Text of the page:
Mca blog

How To Be Smarter Than Your Smart Phone

The other day I entered an elevator in a building in Sydney’s CBD and watched as everyone took out their smart phones and became engaged in the head-down position. As each person entered on subsequent floors they did like-wise, avoiding eye contact or conversation even with colleagues. I thought, what busy, important people they all must be, that they can’t spare the 15-30 seconds it takes to reach their floor before checking their emails or sending texts. I wanted to say “Good morning” out loud to everyone, to reassure myself that I wasn’t the only human in the lift, but was afraid that this verbal communication would be too weird!

I left the elevator feeling sad at how disconnected we’ve become, and at the lack of mindfulness in the people I encountered. We live in a world where it’s become natural and acceptable to communicate with anyone electronically at any time of the day or night, but verbal communication has strict etiquette and restraints. It seems no wonder that stress and anxiety are endemic in our society.

There are many reasons why smart phones increase our stress. The obvious one is that we’re expected to be on tap 24/7.  So why is it so difficult to turn these gadgets off? The answer lies in your neurotransmitters, the chemicals your brain secrets to help it fulfil its essential functions like thinking, moving, sleeping, attending, seeking.  And perhaps the main culprit responsible for our addiction to smart phones is dopamine.

Dopamine is the neurotransmitter that controls our “seeking” or “wanting” behaviour.  And this behaviour is critical for our survival. Seeking behaviour keeps us motivated. It drives us to learn, explore, find solutions to challenges; it makes us curious and increases our goal-directed behaviour. 

This seeking behaviour is almost instantly satisfied every time you check your emails or messages. And when you check into social media or do a web search it’s easy to get caught up in a dopamine-loop, ie dopamine starts you seeking and when you get rewarded for that seeking you want to seek even more. This behaviour can become as addictive as gambling or comfort eating. Have you noticed how hard it is to ignore the bells and whistles of our smart phones?

One of the difficulties with the dopamine loop is that it responds best to small amounts of information (such as in a text message or a twitter feed) and this constant switching of attention can be exhausting. It also makes it difficult to actually get anything done. Have you ever felt like you’ve spent the whole day answering emails, texts and calls but not actually accomplishing anything?

To complicate things further dopamine is a precursor to norepinephrine and epinephrine (adrenaline) and is therefore intimately connected to our stress response: increased heart rate, respiration, blood pressure, etc. Studies show that dopamine can affect immune cells and may be important in certain autoimmune diseases. There is also evidence that an increase in dopamine in the prefrontal cortex during stress may decrease working memory (perhaps related to that sense of “brain fog” when trying to concentrate under extreme pressure).

So if we’re wired to “seek” and to respond addictively to technology, what can we do about it? Firstly you might reflect on whether there are times of the day when you can turn your smart phone off.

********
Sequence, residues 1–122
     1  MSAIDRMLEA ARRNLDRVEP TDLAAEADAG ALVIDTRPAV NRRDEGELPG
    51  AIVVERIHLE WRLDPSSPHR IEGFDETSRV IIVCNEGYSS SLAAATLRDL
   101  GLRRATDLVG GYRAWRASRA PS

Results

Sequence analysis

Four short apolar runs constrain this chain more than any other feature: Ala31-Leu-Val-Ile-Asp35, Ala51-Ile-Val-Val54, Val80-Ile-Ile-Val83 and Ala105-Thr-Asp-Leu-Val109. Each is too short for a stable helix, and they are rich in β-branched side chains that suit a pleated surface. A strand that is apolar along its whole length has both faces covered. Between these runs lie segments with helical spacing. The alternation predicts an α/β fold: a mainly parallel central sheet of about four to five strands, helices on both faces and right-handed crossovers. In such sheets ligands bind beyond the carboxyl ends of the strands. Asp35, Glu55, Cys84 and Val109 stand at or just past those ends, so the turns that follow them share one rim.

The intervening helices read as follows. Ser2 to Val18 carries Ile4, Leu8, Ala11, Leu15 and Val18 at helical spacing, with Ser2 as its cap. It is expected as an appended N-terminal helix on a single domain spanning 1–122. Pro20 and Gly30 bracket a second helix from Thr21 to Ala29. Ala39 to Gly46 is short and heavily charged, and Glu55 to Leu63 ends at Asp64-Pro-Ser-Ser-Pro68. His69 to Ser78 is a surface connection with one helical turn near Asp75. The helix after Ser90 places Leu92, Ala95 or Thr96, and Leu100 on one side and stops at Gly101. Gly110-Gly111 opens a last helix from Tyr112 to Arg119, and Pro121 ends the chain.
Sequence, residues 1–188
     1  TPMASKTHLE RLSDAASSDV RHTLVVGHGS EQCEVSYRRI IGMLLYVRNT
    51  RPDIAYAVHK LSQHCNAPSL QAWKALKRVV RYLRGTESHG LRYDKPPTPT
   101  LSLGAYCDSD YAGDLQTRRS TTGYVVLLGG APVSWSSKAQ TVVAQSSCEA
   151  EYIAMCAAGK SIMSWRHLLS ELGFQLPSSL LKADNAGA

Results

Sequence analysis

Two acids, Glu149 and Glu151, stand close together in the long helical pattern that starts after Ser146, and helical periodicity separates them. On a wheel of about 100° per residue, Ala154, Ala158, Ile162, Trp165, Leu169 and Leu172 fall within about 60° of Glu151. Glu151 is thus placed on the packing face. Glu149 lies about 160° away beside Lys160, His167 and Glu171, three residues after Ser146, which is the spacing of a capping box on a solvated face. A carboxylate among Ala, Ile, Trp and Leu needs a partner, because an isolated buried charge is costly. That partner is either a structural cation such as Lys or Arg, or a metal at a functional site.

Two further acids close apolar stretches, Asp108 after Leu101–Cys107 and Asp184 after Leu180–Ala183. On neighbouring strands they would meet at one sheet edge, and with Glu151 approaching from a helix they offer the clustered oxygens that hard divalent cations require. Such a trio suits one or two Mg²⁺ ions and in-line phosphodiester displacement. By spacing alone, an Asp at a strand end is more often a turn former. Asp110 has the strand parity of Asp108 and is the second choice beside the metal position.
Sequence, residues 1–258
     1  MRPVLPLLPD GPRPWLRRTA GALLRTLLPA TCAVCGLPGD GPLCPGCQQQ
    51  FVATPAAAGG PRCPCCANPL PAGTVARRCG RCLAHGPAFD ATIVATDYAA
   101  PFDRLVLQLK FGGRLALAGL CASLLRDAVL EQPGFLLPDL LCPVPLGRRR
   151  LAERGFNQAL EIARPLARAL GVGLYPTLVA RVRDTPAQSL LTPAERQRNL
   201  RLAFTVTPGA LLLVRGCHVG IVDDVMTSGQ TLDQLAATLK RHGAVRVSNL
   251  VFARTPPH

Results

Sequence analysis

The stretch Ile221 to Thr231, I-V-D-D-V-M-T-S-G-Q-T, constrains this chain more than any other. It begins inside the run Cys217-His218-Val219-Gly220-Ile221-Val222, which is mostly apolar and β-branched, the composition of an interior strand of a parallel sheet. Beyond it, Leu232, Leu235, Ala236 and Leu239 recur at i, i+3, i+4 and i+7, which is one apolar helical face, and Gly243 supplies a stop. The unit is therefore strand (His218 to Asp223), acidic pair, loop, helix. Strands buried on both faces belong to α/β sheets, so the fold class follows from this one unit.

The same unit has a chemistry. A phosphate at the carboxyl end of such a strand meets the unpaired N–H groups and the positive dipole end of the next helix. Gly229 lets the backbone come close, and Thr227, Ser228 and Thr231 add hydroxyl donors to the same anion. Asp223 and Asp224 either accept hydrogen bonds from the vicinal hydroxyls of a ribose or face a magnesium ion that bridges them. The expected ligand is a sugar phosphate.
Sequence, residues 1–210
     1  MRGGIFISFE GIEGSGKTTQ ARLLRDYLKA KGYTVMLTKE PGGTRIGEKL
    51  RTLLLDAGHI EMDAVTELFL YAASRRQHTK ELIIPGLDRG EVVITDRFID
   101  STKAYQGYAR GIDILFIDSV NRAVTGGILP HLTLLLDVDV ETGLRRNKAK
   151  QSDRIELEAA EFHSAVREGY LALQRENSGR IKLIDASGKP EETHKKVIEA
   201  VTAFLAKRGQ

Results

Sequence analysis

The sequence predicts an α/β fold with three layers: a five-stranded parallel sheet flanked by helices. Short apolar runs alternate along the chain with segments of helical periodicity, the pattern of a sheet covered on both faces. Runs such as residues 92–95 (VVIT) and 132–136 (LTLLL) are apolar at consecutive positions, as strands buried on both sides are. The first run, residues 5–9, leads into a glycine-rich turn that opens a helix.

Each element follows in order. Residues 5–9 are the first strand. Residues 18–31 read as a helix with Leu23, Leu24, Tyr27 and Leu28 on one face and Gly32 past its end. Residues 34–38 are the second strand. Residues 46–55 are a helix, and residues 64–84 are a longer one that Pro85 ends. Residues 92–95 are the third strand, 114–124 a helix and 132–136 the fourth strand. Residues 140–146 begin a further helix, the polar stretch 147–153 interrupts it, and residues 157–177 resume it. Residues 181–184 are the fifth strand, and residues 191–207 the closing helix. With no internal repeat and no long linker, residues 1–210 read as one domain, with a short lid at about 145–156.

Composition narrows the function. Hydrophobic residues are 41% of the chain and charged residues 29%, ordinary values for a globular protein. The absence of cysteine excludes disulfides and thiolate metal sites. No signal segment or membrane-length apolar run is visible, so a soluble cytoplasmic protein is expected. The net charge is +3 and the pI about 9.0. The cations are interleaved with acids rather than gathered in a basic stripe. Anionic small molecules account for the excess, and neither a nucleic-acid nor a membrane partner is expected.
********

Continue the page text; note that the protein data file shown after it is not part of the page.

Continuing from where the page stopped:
Second, consider deactivating the bells and alarms that tell you a new message or email has arrived. After all, unless you’re on the waiting list for a kidney transplant you may not need immediate notification of every text and email that comes in.

Importantly, ask yourself this question: what would happen if you noticed the urge to check your smart phone but resisted? What if you took an extra second to pause and consider if there’s anything truly urgent you need to check or if it can wait. This pausing and reflecting is the essence of mindfulness and fuels resilience to stress by engaging the higher cortical regions of the brain (executive function, considered response) and disengaging the limbic region (fight-flight, reactivity).

During this pause, try mindfully checking into your body and noticing the discomfort you feel when you resist the urge to check your phone. The pull is strong, a craving, an addiction perhaps.  But where do you feel it? Is it a tension in your shoulders, a constriction in your chest or belly, a furrow in your brow? Find where the discomfort of transient boredom is located. Notice it, acknowledge it, allow it to be there. This allowing is mindfulness. Remember, the discomfort is not life threatening, it will pass. Everything does. Take a deep breath, shift your attention back to whatever you were doing before the urge to check technology cut in. Re-establish your focus to where it’s really needed.

It only takes a few seconds but the effect is profound. Giving in to smart phone addiction is not satisfying in the long term. Our brains start to feel dull, tension increases, we feel stressed, like we’re being pulled in every direction.  You don’t need to push against the urge, just notice it with mindfulness, ie with non-judgmental acceptance that this is how it is in the 21st century. This acceptance doesn’t mean you have to give in to this addiction. Notice the distraction, notice the discomfort you may feel when you choose not to give in to the distraction, and return to what you were doing. And then watch the discomfort pass. This is empowerment, emotional resilience, choice, and it comes from mindful awareness of your response to the present moment.

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